In Fred Hamilton Park, a young maple tree was planted about 7 years ago, dedicated to Arnie Achtman. The tree has thrived and will become one of the great maples in our park with time. But who was Arnie Achtman?
At first I was curious, and then it became a mission to find out about Mr. Achtman as the Friends of Roxton Road took an active role increasing the tree canopy in our parks and more dedicated trees were planted.
It turns out I knew Arnie all this time!
He was the friendly tall guy with the Newfoundland dogs. Arnie and his dogs Roxy and Sally, walked through the Fred Hamilton Park several times a day saying hi to everyone…because we were all his friends. Once I knew that was Arnie, several other dots connected. I bumped into a long-time friend Donna, who at one point was Arnie’s partner in life. The answer to my question “who was Arnie Achtman” is below, written for us by Donna McFarlane. Thank you Donna for telling us a bit of his story and letting us share it on our website!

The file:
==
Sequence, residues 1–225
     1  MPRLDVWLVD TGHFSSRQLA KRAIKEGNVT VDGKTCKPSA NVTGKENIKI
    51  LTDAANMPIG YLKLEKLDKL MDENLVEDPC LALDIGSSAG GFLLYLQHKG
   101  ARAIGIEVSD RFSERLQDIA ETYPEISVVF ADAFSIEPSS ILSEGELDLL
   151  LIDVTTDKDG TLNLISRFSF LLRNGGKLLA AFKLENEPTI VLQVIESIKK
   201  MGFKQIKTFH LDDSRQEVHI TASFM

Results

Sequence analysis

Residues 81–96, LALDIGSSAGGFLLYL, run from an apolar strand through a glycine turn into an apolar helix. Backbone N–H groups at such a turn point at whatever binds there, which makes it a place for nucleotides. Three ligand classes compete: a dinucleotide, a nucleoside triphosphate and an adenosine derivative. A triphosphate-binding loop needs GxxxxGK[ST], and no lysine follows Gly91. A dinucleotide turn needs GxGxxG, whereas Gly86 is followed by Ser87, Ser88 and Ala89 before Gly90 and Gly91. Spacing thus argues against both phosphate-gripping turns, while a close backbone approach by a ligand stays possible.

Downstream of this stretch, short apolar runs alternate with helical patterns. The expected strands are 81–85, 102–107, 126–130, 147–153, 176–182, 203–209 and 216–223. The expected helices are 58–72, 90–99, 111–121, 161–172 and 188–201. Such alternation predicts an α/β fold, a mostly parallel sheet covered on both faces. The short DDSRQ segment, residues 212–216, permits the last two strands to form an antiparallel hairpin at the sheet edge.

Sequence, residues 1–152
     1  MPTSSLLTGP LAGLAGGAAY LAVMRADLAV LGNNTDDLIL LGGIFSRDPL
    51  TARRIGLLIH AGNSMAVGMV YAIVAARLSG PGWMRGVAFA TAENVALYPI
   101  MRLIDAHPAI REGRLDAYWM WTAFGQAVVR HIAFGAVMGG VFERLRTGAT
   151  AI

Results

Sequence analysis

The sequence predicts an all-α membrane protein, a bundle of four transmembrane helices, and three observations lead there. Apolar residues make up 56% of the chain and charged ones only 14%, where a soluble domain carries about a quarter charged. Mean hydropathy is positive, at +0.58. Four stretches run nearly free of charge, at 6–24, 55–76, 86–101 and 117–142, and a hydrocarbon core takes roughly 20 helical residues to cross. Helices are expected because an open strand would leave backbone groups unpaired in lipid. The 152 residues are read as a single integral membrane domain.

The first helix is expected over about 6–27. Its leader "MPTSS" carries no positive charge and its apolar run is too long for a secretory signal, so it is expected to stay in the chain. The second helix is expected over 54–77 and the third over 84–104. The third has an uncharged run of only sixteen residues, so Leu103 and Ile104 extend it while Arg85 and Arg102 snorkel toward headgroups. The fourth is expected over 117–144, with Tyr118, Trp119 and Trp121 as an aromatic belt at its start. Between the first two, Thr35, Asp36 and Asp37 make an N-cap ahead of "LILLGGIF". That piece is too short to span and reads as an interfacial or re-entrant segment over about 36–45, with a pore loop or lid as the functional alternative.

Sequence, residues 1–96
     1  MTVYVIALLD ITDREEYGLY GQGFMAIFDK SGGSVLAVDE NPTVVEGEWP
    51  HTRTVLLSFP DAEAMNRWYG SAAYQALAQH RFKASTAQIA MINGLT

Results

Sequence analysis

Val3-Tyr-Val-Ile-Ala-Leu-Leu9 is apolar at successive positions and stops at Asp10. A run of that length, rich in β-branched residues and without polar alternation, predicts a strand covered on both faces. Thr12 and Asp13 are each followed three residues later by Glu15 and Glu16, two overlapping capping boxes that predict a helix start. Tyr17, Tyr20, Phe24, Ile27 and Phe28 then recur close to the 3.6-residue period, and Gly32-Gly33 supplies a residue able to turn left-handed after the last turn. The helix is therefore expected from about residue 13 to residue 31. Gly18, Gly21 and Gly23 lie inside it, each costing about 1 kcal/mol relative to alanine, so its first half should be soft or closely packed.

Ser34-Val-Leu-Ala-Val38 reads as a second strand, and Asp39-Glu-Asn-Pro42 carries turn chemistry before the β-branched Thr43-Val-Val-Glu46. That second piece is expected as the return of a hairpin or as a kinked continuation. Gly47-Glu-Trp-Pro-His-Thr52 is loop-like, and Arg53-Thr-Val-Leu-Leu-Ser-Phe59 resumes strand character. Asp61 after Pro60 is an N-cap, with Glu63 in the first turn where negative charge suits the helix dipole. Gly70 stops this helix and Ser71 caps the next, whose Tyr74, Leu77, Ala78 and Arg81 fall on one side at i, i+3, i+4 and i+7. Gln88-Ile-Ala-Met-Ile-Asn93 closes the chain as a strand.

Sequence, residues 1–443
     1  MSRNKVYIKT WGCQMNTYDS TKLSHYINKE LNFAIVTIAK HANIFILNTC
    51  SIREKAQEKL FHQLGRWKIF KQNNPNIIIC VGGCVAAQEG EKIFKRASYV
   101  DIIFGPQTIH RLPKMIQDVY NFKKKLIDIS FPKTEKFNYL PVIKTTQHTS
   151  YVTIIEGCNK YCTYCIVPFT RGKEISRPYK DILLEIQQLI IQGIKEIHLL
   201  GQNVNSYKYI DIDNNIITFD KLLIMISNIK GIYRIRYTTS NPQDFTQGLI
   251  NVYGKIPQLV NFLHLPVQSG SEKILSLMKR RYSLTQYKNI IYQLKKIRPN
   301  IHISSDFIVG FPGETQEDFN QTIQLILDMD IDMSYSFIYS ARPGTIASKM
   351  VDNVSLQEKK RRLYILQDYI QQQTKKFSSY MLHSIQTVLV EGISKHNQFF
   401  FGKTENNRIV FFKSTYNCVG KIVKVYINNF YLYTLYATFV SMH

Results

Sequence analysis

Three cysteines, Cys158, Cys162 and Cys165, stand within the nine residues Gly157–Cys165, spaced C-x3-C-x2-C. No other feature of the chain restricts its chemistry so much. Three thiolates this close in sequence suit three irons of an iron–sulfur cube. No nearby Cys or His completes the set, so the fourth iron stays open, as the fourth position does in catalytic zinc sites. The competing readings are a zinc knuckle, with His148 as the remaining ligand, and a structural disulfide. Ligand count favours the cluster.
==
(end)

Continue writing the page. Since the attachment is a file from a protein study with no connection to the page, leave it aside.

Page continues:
Arnie was an actor, performance artist, musician, writer and teacher. He taught expressive writing at George Brown College.
His two Landseer Newfoundland dogs, first Roxy (Arnie lived on Roxton Road) and then Sally (“Sally in the Alley” That alley is now named Achtman Lane!) were well-known in the neighbourhood.
Arnie’s first broadcast aired on community radio station, CKLN in 1988. He and co-founder Guy Allen started life rattle by putting stories from the Toronto community on radio. They also produced an annual story telling event, The Totally Unknown Writers’ Festival. In 1995, life rattle expanded to include non-profit book publishing.
In the foreword of A Celebration of Arnie, a book published after Arnie’s death in 2005, Guy Allen says
“Arnie did not love money. When he had enough, he gave it away to people or projects he believed in. Arnie did not care for power or position. Status moved him not. Arnie craved a sense of purpose, and set almost impossible standards for what that purpose had to be. Arnie worried about living without purpose. Arnie insisted that purpose had to come from doing things for others.”
And, I can add, that through almost 20 years of unpaid work broadcasting the untold stories of common people, Arnie certainly helped many, many people and accomplished his purpose.
Many of Arnie’s and others’ stories can be found on http://www.liferattle.ca
Arnie died of lung cancer in his home on Roxton Road in 2005. I still miss him.
If you would like to share what you know about Arnie on this website so that we can tell more of his story, please get in touch with us at email@example.com.
We also welcome stories and photographs about anyone connected to our parks!